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In a recent meeting with GOP Senate and House leadership, Ohio Governor Mike DeWine discussed potential modifications to a voter-approved marijuana legalization initiative. The governor is keen to see these changes implemented before parts of the law take effect next month. However, a key Democratic lawmaker who has been a strong advocate for cannabis reform argues that Republicans missed their opportunity to shape policy on this issue months or years ago.

Governor DeWine assured voters that the proposed revisions would not be surprising and would still honor the “spirit” of the reform. The primary focus of these changes would be to curb youth consumption, reallocate certain tax revenue, and bolster resources to prevent impaired driving. The governor had previously hinted at this meeting with Senate President Matt Huffman and House Speaker Jason Stephens following last week’s election, where voters approved legalization with a 57-43 percent majority.

DeWine emphasized the importance of implementing changes to the statutory measure before adult legalization of possession and cultivation becomes legal on December 7. He believes that it would be difficult to “put the genie back in the bottle” after the fact and that it would be beneficial for everyone to have a clear understanding of the rules and how the system will function. Both Huffman and Stephens have expressed their interest in amending the cannabis law, particularly concerning THC limits and tax policy.

A spokesperson for the Senate GOP majority also mentioned that the legislature might consider amending the statute to clarify some ambiguous language regarding THC limits and that tax rates are a concern. Last week, Governor DeWine acknowledged that Ohioans have clearly expressed their desire for legal marijuana.

He assured that the state would ensure this, but also stressed the importance of fulfilling their responsibility to all Ohio residents, whether they voted for or against the initiative. He emphasized the need to implement this in a responsible and respectful manner, or as he put it, “the Ohio way.” However, both chambers have limited time to introduce and pass legislation addressing the governor’s and lawmakers’ concerns before personal possession and cultivation become legal.

The Senate is currently scheduled to meet only twice before December 7, and the House has four session days to act. Rep. Casey Weinstein, a Democrat who has championed cannabis reform in the legislature and sponsored bipartisan legalization legislation, stated that Ohioans have made their voices heard loud and clear at the ballot. He urged the leaders in the legislature to respect and uphold the will of the voters. Weinstein also expressed his disappointment with the legislature’s decision to get involved in setting the rules for legal marijuana only after the ballot measure forced the issue. He hopes this experience will teach them that bills with overwhelming bipartisan support deserve hearings. The Ohio Department of Commerce has published an FAQ guide for residents to learn about the new law and the timeline for its implementation. However, they noted that the policies may be subject to change depending on legislative action. Meanwhile, organizations that campaigned against Issue 2 are planning to undermine the newly approved law, with some planning to pressure the legislature to entirely repeal legalization before it’s even implemented.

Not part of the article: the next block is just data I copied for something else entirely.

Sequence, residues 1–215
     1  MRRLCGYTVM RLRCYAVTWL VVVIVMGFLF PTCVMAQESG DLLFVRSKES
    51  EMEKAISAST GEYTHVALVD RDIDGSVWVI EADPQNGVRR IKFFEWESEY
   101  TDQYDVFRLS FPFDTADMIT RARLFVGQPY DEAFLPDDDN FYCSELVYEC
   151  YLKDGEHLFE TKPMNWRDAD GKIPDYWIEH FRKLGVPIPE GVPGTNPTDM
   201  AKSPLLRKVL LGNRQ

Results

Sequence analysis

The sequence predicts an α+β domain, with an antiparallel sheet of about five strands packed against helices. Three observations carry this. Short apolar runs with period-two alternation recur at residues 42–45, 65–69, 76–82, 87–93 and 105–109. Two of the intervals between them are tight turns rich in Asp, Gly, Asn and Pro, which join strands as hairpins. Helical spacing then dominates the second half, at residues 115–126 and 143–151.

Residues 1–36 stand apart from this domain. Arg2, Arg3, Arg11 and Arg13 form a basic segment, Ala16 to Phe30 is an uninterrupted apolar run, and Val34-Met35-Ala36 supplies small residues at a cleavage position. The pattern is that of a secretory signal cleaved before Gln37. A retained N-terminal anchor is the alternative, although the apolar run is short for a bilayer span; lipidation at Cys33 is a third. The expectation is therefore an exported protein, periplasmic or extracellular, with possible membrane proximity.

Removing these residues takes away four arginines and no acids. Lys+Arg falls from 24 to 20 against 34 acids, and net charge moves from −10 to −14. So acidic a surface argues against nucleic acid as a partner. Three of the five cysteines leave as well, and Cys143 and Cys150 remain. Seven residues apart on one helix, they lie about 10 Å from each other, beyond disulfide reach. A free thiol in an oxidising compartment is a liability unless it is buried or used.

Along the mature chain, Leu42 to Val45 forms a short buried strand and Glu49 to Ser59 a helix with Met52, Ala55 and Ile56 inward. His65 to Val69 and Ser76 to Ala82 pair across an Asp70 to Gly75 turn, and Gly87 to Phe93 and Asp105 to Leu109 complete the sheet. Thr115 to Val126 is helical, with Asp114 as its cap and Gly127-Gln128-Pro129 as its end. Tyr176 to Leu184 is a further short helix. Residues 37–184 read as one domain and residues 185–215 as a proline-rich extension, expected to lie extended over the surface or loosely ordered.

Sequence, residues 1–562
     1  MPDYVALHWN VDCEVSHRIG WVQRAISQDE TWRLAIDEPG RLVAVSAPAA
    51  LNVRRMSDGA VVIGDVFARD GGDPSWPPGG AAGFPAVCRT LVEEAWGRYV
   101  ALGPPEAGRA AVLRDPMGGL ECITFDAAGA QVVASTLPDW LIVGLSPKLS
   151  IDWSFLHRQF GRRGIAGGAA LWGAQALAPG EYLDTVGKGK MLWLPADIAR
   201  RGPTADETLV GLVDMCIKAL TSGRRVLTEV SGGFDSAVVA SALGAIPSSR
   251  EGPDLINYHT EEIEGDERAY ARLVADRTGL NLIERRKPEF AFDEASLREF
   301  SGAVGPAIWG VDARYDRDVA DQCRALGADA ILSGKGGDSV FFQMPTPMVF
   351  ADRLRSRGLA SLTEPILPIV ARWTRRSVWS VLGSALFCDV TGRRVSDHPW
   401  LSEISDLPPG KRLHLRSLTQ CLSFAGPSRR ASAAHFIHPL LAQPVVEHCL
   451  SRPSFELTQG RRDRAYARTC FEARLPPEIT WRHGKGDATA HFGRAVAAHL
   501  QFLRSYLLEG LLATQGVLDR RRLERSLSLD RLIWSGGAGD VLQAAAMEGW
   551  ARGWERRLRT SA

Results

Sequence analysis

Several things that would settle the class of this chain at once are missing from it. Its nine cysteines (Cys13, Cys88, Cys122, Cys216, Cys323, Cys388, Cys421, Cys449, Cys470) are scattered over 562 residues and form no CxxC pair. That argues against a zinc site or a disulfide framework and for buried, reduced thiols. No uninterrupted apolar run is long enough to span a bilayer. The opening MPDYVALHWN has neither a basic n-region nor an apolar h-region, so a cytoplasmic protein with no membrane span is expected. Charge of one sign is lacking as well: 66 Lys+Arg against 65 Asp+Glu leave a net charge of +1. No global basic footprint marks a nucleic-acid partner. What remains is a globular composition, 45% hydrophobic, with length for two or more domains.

In contrast, some Ohio lawmakers, including Rep. Dave Joyce, co-chair of the Congressional Cannabis Caucus, and Senate Banking Committee Chairman Sherrod Brown, expressed their support for the initiative. As Ohio voters approved statewide legalization, activists also achieved a series of less-noticed victories to decriminalize larger amounts of cannabis in three Ohio cities, according to preliminary county election results.

By John Biggs

John Biggs is an entrepreneur, consultant, writer, and maker. He spent fifteen years as an editor for Gizmodo, CrunchGear, and TechCrunch and has a deep background in hardware startups, 3D printing, and blockchain. His work has appeared in Men’s Health, Wired, and the New York Times.